where sgn is the sign function, peak(bi) returns the peak of bi, and spike(peak(bi), 100) returns the 100 datapoints from bi aligned to the peak. MUAPs are clustered by the K-means algorithm in terms of their shape. The shape of an MUAP is measured according to its Fourier coefficients.The K-means algorithm minimizes the within-cluster sum of squares (Arthur and Vassilvitskii, 2007) and has been used in a wide range of applications (Kuo et al., 2005). K-means has one drawback in that the number of clusters has to be provided in advance. For clustering MUAPs, the number of clusters, set from 5 to 20, reflects the maximum number of MUs potentially detected by a one-channel electrode. The number of MUs can be chosen to be <5 or more than 20, but doing so will lead to inconsistencies with biological findings with regard to the firing rate and interpulse interval of the MUs. The optimum number of clusters is searched by Grid Search, which uses a scoring system based on the silhouette metric. This metric is employed to model the distribution of the cluster and to find the optimal balance between tightness and separation (Rousseeuw, 1987). The score is defined as

score= l=1L(scl > sc¯)L    (7)

where sc¯ is the average silhouette coefficient for all samples and scl is the average silhouette coefficient for the sample in cluster l. L is the number of clusters. The number of clusters with the highest score is chosen as the optimum one. After the number of clusters has been determined, the K-means algorithm is applied. The K-means algorithm classifies MUAPs into l clusters. The center of cluster l is utilized as the most representative MUAP of the cluster, which is denoted by rl. All MUAPs in cluster l are replaced by rl:

si={bi[replace(yi,  rl)],      kmeans(yi)=l,0,                                   otherwise,    (8)

where s is a sparse form of the basis b, bi[replace(yi, rl)] replaces 100 data points in bi from which yi has been extracted with rl, and kmeans(yi) returns the cluster label of yi. The inverse of s can be approximated by LSQR (Paige and Saunders, 1982), which allows fast decomposition of the sEMG signal. In the following subsection, an s−1-based approach is proposed to estimate the muscle force.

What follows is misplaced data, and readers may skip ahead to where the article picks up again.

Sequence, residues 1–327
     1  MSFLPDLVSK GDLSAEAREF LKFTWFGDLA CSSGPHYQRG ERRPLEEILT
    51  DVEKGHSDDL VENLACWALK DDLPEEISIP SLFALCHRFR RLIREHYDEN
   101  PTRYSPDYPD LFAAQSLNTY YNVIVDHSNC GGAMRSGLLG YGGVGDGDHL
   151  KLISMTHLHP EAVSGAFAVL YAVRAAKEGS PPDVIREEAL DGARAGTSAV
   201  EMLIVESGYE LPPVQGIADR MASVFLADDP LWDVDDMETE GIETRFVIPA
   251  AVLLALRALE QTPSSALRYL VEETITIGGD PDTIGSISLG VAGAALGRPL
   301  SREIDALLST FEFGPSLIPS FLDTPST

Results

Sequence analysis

Muscle Force Estimation and Evaluation

This subsection presents an approach to estimating muscle force from the firing rate of MUAPs and the number of activated MUs. Research has proved that muscle force has a positive correlation with the number of active MUs and their firing rates—the frequency at which the MU is activated (Sandbrink and Ellad, 2016). To calculate the firing rate, we count the number of MUAPs in 0.05 s. For any sEMG signal in 0.05 s, x¯ (1×n), the data are treated as linear combination of the sparse matrix s:

[a¯1,a¯2,,a¯k]=x¯s-1,    (9)

where [a¯1,a¯2,,a¯k] is called the coordinate of x¯ with respect to s. If the absolute value of a¯i is greater than the constant c (here c = 0.34), then we assume that the MU of cluster l corresponding to the ith row of s is activated. In fact, a¯i denotes the strength of the constituent si in x¯. If the strength is greater than c, then the MU corresponding to si is assumed to be activated. The number of activated MUs is calculated by counting the number of activated clusters. The muscle force Fˇ is calculated by

Fˇ=ϕi=1k(|a¯i|>c)kunique(kmeans(yi,if |a¯i|>c))    (10)

where ϕ is a scaling coefficient and unique() returns the number of unique elements; for example, unique([1, 2, 2, 3]) = 3 owing to the duplicated 2 in the vector. For an sEMG signal in a period of 0.5 s, the muscle force is calculated by the above equation.